I heard on the radio that Elisabeth Schwartzkopf, the singer, has died at the age of 90. I will always hold a particular affection for her, because she, unknowingly, helped me and my mother through a dreadful year.
1970 – in brief, my father died suddenly in January, all his possessions were valued for death duties* and a few weeks later a company he had invested many thousands of pounds in lost its entire value (tax still payable), then my sister was involved in a serious and agonising accident, which nearly killed her. And then my mother was badly scalded. Me? Oh, I was fine, accidents never happen to me.
*Inheritance tax is still charged – at 40% – but nowadays you are not expected to pay tax on your spouse’s effects. In those days, furthermore, a house and capital was often in the husband’s name – so he was deemed to own everything.
On an impulse, my mother bought a record called ‘Elisabeth Schwartzkopf Sings Operetta’ – I knew nothing about opera, or the operatic style of singing .. it seemed a bit screechy to me. Growing up in the town of Benjamin Britten’s birth – his father was my father’s dentist and my dad used to hear young Ben practising the fiddle during the school holidays – this seems wrong, but hey, it was the 60s, think of the music. I didn’t need opera.
But this record struck a chord (as it were) with us both. We played it over and over, daily, more than daily – when it ended we would lift the needle and start it again. It kept us going, uplifted us and somehow enabled us to carry on. The music was quite light – late 19th Century Viennese operetta; Lehar, that sort of thing. It was very low-brow for her, but it was just what we needed then and, for the future, provided me with a light introduction to the sort of sung classical music that I have loved since.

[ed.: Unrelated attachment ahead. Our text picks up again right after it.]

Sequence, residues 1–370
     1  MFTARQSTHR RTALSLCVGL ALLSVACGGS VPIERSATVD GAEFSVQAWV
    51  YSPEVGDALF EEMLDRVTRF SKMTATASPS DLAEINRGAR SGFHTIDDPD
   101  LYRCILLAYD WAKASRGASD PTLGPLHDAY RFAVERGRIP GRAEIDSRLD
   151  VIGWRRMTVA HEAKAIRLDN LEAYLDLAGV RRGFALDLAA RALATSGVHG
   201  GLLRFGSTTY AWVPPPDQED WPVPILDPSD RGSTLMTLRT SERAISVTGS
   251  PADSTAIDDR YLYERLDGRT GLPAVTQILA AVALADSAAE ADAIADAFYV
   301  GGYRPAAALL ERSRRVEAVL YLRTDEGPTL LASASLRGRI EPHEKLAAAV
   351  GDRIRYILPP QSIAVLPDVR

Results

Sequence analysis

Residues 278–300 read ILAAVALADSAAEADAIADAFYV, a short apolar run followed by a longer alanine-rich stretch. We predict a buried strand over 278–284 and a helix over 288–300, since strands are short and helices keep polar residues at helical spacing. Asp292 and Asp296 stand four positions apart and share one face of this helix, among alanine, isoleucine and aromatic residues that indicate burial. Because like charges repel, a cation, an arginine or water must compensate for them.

When my mother was terminally ill I couldn’t listen to music that challenged me. The three CDs I listened to most were Prokofiev (particularly the Lieutenant Kije suite), Hoagy Carmichael and Bix Beiderbecke. Don’t know why. But they helped me through a difficult time too.
Music is an arrow straight into one’s memory. Like a scent, it goes beyond conscious remembering and takes you back, vividly, to a time or a place. And it hits your emotions, where words and deeds can’t always reach.